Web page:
The COVID-19 pandemic has transformed life as we know it across many regions of the world in just a few short months. I could not have fathomed how quickly my life and that of everyone impacted by COVID-19 could be upended.

We are all adjusting to new terminology such as “social distancing”, “essential and non-essential services”, “self isolation” and “flattening the curve”. While these are vital public health measures required to curb the rate of COVID-19 spread, the social and economic consequences are enormous.

One of the social consequences that has been highlighted following lock-down processes in Wuhan, Italy, Spain, and other places has been an inescapable sense of loneliness. The process of social distancing has involved limiting gatherings of people in public and our own homes, shutting down of environments that facilitated social encounters (cafes, restaurants, bars) and invoked fear of others. It has also led to the closing of workplaces which for many people is a large component of how they meet their need for social interactions. Older individuals (those over age 60) who are more vulnerable to the severe and life threatening aspects of COVID-19 have been encouraged to self-isolate at home and nursing homes have banned visitors from entering their facilities.

Humans are neurologically wired for social interactions. We evolved to live in packs and groups as a way to enhance survival and ensure continuation of our species. The directive to socially distance is at odds with what we are hard wired to orient towards. Yet this is exactly what we are being asked to override during these strange and unprecedented times.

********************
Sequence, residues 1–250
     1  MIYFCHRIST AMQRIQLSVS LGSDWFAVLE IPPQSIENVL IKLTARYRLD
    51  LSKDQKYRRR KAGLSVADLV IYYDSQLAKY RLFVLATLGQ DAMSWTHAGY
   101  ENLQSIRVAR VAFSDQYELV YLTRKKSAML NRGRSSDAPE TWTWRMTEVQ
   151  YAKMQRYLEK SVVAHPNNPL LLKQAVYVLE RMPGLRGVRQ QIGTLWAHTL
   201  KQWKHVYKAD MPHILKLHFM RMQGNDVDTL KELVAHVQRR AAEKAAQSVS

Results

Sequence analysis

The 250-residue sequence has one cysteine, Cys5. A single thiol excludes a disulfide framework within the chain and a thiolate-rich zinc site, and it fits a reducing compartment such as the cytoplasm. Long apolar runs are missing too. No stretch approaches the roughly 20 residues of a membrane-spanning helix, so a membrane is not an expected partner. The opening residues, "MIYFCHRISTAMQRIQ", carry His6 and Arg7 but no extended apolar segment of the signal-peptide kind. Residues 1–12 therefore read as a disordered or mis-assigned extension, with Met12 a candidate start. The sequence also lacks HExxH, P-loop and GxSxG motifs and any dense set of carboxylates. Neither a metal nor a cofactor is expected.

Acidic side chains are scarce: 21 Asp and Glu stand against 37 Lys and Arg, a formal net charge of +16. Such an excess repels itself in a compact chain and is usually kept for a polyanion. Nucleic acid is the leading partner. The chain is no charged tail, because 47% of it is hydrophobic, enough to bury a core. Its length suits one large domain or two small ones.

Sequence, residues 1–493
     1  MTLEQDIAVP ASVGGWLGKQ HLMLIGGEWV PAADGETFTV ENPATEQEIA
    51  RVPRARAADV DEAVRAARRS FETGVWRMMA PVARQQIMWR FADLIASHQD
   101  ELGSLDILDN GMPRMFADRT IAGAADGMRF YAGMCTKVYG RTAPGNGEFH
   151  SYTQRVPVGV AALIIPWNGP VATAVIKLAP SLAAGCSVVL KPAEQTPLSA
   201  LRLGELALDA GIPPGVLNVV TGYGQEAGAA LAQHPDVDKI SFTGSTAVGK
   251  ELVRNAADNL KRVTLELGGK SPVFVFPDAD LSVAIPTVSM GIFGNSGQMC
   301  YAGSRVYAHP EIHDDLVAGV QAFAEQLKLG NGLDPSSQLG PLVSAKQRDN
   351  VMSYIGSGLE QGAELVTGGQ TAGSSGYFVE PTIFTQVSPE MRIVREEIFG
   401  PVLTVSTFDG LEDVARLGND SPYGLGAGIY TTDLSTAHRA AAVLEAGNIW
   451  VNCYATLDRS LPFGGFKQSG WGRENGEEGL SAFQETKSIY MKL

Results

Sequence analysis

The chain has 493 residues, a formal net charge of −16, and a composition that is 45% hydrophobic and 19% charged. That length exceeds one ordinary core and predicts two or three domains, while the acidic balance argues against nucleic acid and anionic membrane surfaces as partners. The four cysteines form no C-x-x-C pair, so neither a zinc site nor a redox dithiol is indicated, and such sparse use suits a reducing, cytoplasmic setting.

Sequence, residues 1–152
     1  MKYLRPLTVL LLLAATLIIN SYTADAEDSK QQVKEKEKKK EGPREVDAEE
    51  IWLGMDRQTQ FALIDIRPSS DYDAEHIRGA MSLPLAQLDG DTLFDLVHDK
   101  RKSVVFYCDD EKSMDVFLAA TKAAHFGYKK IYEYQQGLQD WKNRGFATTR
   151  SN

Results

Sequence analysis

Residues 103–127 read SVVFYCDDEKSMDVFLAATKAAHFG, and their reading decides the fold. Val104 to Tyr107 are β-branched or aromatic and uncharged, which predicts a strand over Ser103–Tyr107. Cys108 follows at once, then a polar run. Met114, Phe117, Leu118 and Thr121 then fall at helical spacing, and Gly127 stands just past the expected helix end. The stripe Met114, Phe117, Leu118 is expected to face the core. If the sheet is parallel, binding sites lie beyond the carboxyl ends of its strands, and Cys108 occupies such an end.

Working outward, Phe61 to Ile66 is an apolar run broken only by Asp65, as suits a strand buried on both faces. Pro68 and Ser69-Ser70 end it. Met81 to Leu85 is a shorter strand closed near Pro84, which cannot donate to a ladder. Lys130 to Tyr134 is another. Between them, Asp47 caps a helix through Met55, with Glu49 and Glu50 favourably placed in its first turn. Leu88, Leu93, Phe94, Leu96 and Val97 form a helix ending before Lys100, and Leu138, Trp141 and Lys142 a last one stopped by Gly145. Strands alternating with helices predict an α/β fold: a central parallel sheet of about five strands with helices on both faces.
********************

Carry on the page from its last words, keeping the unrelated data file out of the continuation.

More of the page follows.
What can I do to manage feelings of loneliness

Firstly it is important to notice that this is how you are feeling and that it is valid and makes sense in the current context. If you are a person who relishes weekly coffee catch ups, hosting dinner parties, hanging out with big groups of friends or seeing extended family regularly this has the potential to be a very difficult and disorienting time. It is ok to feel lonely.

It can be helpful to re-phrase the term “social distancing” to “physical distancing”. To protect those vulnerable members of the community, we need to keep our physical distance from each other. But it does not mean we need to be socially or emotionally distant. In fact this pandemic calls for the ongoing building and preservation of social bonds as we navigate the coming weeks and months. Remind yourself that physically you can’t socialise or hang out with family the same way as you could before but you can remain connected.

Embrace technology for it will be your friend and social lifeline for the next little while. Organise group video catch ups on Facetime or Zoom. Call your buddies on the phone. Set up a WhatsApp group to share messages of support and goof around on. For those with elderly parents and grandparents who are isolating and not confident using more modern technology, connections can be maintained through regular phone contact, writing letters and cards and sending surprise packages and gifts.